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About Melissa Errico
Actress/singer Melissa Errico was born in the borough of Manhattan in New York, New York, on March 23, 1970, and grew up largely on Long Island in Manhasset, New York. There was a family heritage of music and performing: her maternal grandmother was a lyric soprano who emigrated from Italy to become a professional opera singer; her great aunt was a showgirl in The Ziegfeld Follies; her father was a child prodigy on the piano who became a concert pianist; and her older brother Mike Errico is a singer/songwriter. She attended Yale University as an undergraduate, interrupting her studies in her freshman year when she was cast as Cosette in the first national touring company of Les Misérables. She graduated from Yale with a B.A. in art history and philosophy, and enrolled in the Yale Drama School, but was forced to withdraw when she was cast as Princess Kitty Scherbatsky (and understudy to the lead) in a musical adaptation of Anna Karenina, making her Broadway debut on August 26, 1992. The show ran only 46 performances, but she was back on Broadway starting on December 9, 1993, as the star of a revival of My Fair Lady that ran 165 performances and earned her a Drama Desk Award nomination. (Although no cast album was recorded, her performance of "Wouldn't It Be Loverly" from the show can be heard on the various-artists album The Musicality of Lerner and Loewe.) In 1995, she appeared in a concert production of Call Me Madam as part of the New York City Center's Encores! Great Musicals in Concert series, and it was recorded for a cast album released by DRG Records. During the 1995-1996 season, she appeared in the television series Central Park West, and she made her film debut in Loose Women in 1996. She also returned to Encores! in 1996 for a concert version of One Touch of Venus, playing the title role. Her appearance in a revival of the play The Importance of Being Earnest by the off-Broadway company the Irish Repertory Theatre of New York in 1997 brought her a second Drama Desk Award nomination. Her next film was Bury the Evidence in 1998. She returned to Broadway to star in a stage musical adaptation of High Society that opened on April 27, 1998, and ran 144 performances; it brought her a third Drama Desk Award nomination and was recorded for a cast album released by DRG. On December 19, 1998, she married Patrick McEnroe, brother of the tennis champion John McEnroe and also a professional tennis player himself; she had met her future husband in kindergarten.
Errico appeared in the films Picture This (1999) and Frequency (2000). In May 2000, she launched a career as a cabaret artist at the nightclub Joe's Pub in New York with a show called Real Emotional Girl: Melissa Errico Sings the Music of Randy Newman. Subsequently, she appeared at such prestigious New York venues as the Café Carlyle (March 2002) and the Oak Room of the Algonquin Hotel (March 2004), and in other cities. Meanwhile, her film work continued with Mockingbird Don't Sing (2001). On March 3, 2001, she appeared in Life Upon the Wicked Stage, a tribute to Jerome Kern, in Los Angeles. Her performance of "In Love in Vain" appeared on the album of the same name released by LML Music. On March 23, 2002, she appeared at Symphony Space in New York as part of Wall to Wall Richard Rodgers, a celebration of the composer's work. Her duet with Patrick Quinn on "People Will Say We're in Love" appeared on an album of the concert released by Fynsworth Alley Records. Her next film was Life or Something Like It (2002). In June 2002, she took the lead female role in a production of Sunday in the Park with George as part of the Kennedy Center's celebration of the works of Stephen Sondheim, at the invitation of the composer. Her next starring role in a Broadway musical came with Amour, which opened on October 20, 2002. It ran only 17 performances, but that was long enough to earn her a Tony Award nomination. The show was also recorded for a cast album released by Sh-K-Boom Records.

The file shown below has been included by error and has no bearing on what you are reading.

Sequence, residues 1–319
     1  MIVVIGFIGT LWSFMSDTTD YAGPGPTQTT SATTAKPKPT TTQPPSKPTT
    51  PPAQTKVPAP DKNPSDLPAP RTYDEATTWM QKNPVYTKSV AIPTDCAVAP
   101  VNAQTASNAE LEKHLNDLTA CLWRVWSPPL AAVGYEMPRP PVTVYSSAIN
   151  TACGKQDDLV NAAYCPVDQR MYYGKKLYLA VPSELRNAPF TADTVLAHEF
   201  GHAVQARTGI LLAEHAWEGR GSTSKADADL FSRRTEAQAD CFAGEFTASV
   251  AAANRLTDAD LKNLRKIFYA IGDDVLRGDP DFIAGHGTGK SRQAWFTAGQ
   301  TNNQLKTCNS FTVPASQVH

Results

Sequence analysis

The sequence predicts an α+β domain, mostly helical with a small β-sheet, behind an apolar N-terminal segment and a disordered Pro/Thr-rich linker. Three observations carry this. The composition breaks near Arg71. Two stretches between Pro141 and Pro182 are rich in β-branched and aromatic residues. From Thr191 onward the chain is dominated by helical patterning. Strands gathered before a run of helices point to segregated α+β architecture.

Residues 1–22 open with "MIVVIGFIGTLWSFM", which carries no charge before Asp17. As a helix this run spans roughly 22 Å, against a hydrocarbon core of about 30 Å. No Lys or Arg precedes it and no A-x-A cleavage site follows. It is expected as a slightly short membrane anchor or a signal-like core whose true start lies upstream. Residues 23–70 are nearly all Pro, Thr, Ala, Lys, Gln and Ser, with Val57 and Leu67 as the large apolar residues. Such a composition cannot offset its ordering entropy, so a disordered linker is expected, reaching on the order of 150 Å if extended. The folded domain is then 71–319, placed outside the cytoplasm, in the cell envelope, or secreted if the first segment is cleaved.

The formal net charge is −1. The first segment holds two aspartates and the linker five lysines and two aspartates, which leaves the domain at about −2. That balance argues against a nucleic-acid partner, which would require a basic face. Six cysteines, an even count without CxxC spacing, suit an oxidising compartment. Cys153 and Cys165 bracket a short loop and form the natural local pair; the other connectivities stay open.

Errico made her solo recording debut with the album Blue Like That, released by Manhattan/EMI Records on February 25, 2003. On April 14, 2004, she returned to the Irish Repertory Theatre for a revival of the musical Finian's Rainbow that produced a cast album released by Sh-K-Boom and earned her her fourth Drama Desk Award nomination. Her next Broadway appearance came with a musical adaptation of Dracula that opened on August 19, 2004, and ran 157 performances. In 2005, she appeared in the film Loverboy and also starred in a revival of Camelot at the Hollywood Bowl. She sang the title role in the first-ever studio cast recording of the 1944 musical Sadie Thompson, released by Original Cast Records on April 12, 2005.
In 2006, Errico gave birth to a daughter. The same year, LML recorded a studio cast album of the musical in which she had made her Broadway debut, Anna Karenina, and she sang on it, promoted to the title role. In 2008, she gave birth to fraternal twins and released her second solo album, Lullabies & Wildflowers. While balancing a family life and career, Errico has remained a vital stage performer, appearing in White Christmas on Broadway, starring in an off-Broadway production of Candida for which she garnered a 2010 Drama Desk Award nomination for Best Actress in a Play, reprised her role as Guinevere (alongside Jeremy Irons as King Arthur) in the Irish Repertory Theatre's 2011 production of Camelot, and even starred with Alec Baldwin in the 2011 production of Gift of the Gorgon at the Guild Hall. In 2011, Errico released the Phil Ramone-produced Legrand Affair: The Songs of Michel Legrand, which featured a score composed by the legendary pianist/arranger Legrand. ~ William Ruhlmann
- New York, NY
- Mar 23, 1970